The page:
Taxpayers are on the hook for a multi-million-dollar tab after a U.S. Department of Energy gamble on a green automaker went into the red.
The Obama administration announced Friday it will lose $139 million on a loan to struggling electric car maker Fisker Automotive Inc. after selling part of the loan to a private investor that immediately took the company into bankruptcy.
The transaction brings to an end another effort by the Obama administration to use public funds to stimulate green initiatives. Awarded a $529 million loan guarantee by the administration in 2009 to produce the Karma, a $103,000 luxury hybrid car, Fisker failed to meet DOE benchmarks, causing it to lose its loan guarantee two years later. The company drew down on $192 million before its federal funding was pulled, and the Obama administration seized $21 million from the company in April to help repay taxpayers.
Hybrid Technology LLC, the California car marker’s new owner, said it plans to keep Fisker operating after it emerges from bankruptcy.
The government lost $528 million in the Solyndra collapse, triggering sharp Republican criticism of the loan program and President Barack Obama’s investments in green energy.
“Fisker’s collapse closes yet another sad chapter in DOE’s troubled portfolio. The jobs that were promised never materialized and, once again, taxpayers are on the hook for the administration’s reckless gamble,” House Energy and Commerce Committee Chairman Fred Upton, R-Pa., and House Oversight and Investigations Subcommittee Chairman Tim Murphy, R-Pa., said in a joint statement.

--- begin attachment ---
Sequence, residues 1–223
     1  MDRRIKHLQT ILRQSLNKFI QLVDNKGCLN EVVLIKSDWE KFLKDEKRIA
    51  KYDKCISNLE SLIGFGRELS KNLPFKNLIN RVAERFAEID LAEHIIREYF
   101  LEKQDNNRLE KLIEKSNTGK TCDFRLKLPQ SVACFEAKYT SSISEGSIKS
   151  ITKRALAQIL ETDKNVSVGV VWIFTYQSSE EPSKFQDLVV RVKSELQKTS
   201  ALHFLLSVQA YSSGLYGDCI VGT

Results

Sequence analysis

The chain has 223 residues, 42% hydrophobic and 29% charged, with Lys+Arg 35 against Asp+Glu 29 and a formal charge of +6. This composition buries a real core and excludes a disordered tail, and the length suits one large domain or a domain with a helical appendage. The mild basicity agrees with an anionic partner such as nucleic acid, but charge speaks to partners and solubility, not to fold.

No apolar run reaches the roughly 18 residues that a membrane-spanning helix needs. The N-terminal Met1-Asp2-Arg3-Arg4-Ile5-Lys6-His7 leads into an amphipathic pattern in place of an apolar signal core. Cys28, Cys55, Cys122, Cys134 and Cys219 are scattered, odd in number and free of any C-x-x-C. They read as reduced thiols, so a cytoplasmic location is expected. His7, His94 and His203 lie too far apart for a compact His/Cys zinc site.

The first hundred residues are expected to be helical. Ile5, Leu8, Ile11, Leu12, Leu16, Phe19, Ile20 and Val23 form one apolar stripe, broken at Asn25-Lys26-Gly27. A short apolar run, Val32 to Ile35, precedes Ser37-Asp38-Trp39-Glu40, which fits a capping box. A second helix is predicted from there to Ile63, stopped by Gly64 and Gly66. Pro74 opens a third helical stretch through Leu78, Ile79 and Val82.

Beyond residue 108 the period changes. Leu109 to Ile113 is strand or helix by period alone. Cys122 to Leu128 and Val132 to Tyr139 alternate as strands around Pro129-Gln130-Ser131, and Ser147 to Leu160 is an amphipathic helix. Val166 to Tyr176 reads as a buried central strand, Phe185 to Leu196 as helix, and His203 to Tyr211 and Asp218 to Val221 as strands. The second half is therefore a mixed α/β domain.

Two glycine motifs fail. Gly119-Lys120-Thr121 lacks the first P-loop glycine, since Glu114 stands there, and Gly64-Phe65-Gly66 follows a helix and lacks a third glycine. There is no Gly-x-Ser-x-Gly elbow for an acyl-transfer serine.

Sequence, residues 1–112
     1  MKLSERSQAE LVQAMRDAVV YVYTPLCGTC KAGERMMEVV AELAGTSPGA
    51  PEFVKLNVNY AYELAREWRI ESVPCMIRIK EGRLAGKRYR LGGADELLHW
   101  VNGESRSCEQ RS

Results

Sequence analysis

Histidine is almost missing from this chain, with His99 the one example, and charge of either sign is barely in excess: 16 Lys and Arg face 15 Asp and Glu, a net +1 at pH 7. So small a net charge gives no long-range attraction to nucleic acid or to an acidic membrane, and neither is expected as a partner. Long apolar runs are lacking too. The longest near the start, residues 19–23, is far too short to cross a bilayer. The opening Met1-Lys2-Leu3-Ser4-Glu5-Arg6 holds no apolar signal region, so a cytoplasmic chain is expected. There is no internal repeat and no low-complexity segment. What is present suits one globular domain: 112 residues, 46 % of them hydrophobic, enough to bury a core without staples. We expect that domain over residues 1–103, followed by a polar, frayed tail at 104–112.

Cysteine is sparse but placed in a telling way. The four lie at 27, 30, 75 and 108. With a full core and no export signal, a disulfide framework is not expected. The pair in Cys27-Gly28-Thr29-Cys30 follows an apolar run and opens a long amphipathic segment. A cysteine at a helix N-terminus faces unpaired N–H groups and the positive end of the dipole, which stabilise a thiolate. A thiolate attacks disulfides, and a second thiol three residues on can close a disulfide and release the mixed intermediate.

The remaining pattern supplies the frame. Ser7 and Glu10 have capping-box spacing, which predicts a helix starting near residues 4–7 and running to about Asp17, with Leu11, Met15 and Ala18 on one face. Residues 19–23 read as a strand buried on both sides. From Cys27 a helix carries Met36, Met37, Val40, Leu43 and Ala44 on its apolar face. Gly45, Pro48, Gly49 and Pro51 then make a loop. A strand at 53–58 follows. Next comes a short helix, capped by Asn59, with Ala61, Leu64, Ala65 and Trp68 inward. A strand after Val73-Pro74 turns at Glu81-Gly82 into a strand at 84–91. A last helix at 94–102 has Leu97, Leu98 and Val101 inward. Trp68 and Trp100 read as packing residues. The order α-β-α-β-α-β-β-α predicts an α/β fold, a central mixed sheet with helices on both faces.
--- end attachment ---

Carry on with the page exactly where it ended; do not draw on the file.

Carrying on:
Fisker backers were heavily involved in lobbying the Obama administration and Congress on green energy programs, The Daily Caller reported. The venture capital firm Kleiner, Perkins, Caufield and Byers — where Al Gore is a partner — was a seed investor in Fisker and spent $400,000 in 2009 and 2010 on lobbying. The firm helped push for the stimulus bill that handed out $90 billion in green energy programs.
The department’s actions, along with the sale, mean the Energy Department has protected nearly three-quarters of its original commitment to Fisker, Energy spokesman Bill Gibbons said Friday.
“While this result is not what anyone hoped, the ($139 million loss) represents less than 2 percent of our advanced vehicle loans, and less than one-half of 1 percent of our overall loan program portfolio” of more than $30 billion, Gibbons said.